Intention: A young boy’s confusion over his sexual identity and how the world is categorized is conveyed through the explanation of several stories from his childhood. It is written in the perspective of the young boy as an adult looking back on his experiences (the stories) and how the awareness of his sexual feelings developed.
In his essay about sexual identity, Bernard Cooper opens with an extremely detailed anecdote about a local diner. His use of imagery creates a strong sense of setting, which helps readers understand Cooper’s intention. He says things like “rouge deepened her cheekbones” and “waitresses in checked gingham shouted ‘Tuna to travel’ or ‘scorch that patty’ to a harried short-order cook” to imply the time period. His imagery clearly shows that the opening anecdote takes place in the late 50s-60s. With their knowledge of the time period, readers can infer how difficult it was for Cooper, a young boy in the 60s, to experiment with his sexuality. Moreover, he used imagery of the time period to give himself ethos.
He also establishes ethos by taking readers into the mind of a child. He uses a recurring metaphor to remind readers how he felt when he first saw transvestites as an eight year old. He calls sexual identity a puzzle by comparing it to a ‘What’s Wrong With This Picture?’ game that he played when he was younger.
In the section where young Cooper explores his parents’ closets, readers are able to relate to him. In movies, books, and real life, going through a parent’s clothes is an extremely stereotypical and common scene for any child experimenting with sexuality. Therefore, this section is a focal point in Cooper’s story because for many readers, trying on the mother/father’s clothing symbolizes their own experimentation. The story gains tons of pathos at this point because closets are so historically common in stories about sexuality.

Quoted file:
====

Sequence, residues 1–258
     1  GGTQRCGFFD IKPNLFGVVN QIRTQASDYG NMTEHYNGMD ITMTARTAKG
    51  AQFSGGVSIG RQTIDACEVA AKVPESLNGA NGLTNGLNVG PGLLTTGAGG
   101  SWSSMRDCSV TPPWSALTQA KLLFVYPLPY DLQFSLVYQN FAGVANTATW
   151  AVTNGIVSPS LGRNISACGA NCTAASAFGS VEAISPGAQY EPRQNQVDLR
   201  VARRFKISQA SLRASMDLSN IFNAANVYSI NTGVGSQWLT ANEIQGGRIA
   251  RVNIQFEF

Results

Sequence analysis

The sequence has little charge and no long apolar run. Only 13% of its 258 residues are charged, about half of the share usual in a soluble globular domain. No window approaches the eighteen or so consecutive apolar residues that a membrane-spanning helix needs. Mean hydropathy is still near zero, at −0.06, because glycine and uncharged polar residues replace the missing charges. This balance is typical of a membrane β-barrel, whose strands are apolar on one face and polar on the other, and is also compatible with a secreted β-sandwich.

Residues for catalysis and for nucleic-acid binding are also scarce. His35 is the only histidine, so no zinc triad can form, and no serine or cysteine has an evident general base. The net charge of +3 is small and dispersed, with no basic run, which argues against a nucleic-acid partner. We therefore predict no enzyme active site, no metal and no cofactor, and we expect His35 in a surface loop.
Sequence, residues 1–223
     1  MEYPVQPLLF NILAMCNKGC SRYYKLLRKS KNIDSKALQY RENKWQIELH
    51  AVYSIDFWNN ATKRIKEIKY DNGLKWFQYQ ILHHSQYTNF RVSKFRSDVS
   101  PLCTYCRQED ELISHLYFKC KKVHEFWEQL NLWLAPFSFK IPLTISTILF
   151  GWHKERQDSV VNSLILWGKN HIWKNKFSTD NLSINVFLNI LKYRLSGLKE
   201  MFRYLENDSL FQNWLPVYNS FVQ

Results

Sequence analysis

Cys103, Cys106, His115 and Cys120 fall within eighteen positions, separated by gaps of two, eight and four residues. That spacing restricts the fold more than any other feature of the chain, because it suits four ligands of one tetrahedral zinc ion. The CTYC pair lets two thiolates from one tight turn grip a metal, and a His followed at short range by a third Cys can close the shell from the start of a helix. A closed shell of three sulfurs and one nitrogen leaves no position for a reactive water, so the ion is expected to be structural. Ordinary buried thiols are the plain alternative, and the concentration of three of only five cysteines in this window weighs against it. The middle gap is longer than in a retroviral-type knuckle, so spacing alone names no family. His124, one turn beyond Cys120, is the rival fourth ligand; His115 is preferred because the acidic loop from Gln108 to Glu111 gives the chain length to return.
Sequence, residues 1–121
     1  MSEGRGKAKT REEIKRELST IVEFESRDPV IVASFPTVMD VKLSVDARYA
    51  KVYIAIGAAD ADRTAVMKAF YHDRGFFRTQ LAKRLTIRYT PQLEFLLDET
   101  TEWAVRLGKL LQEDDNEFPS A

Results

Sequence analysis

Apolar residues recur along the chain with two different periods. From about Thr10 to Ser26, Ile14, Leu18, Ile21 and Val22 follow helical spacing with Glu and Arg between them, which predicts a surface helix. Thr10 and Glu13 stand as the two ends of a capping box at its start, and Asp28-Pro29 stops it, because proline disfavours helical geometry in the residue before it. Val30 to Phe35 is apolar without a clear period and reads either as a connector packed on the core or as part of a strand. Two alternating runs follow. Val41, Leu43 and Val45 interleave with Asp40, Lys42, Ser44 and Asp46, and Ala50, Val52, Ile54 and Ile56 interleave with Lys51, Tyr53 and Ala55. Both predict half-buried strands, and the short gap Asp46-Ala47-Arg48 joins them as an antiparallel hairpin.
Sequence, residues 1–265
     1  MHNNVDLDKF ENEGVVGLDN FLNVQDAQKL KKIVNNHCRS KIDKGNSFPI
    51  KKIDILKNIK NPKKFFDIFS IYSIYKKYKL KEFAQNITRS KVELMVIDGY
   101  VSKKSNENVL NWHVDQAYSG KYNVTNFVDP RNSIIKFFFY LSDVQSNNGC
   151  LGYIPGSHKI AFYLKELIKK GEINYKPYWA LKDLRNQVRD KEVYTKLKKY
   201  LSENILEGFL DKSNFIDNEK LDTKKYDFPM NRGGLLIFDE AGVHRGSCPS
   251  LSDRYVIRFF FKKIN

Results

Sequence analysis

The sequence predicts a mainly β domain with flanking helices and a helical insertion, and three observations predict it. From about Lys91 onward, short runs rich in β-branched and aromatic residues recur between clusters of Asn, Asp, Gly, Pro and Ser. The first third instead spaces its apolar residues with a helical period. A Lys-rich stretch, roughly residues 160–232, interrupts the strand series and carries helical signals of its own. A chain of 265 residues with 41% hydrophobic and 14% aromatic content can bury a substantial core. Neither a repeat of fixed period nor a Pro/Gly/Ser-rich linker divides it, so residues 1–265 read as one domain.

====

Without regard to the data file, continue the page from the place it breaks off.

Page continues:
In Burls Bernard Cooper explains his true sexual feelings through the telling of multiple stories. He does this by numbering each story(1-4). By numbering each section and providing a space between Cooper gives readers a clear and fresh start with each new story he tells. This arrangement helps the reader better understand the overall message. As each story he builds on his message. The common theme in each story reminds readers of the overall purpose of the essay. By doing this he creates a more powerful piece, leaving a lasting effect on the audience. This arrangement allows readers to follow along easily and understand his message.
Cooper’s use of a metaphor enhances his essay. In his first section, Cooper describes a classic out to dinner meal with his parents when he was young. While fetching his dad the paper young Cooper becomes infatuated with two women walking towards him. He begins playing a “What’s wrong with this picture?” game, confused why their appearance was slightly different. Cooper then realizes that these “women” have Adam’s apples. Once Cooper realizes this he began to analyze everything about their appearance, noticing wig’s and messed up makeup. After thinking through the situation Cooper comes upon the realization that “any woman might be a man”. This struggle to finding the answer to this encounter is a metaphor for how Cooper felt about his secual identity. This insight into his mind helps readers fully understand the narrator(Cooper). They begin to understand that he feels his own feelings are “wrong” and understand his confusion toward the subject matter.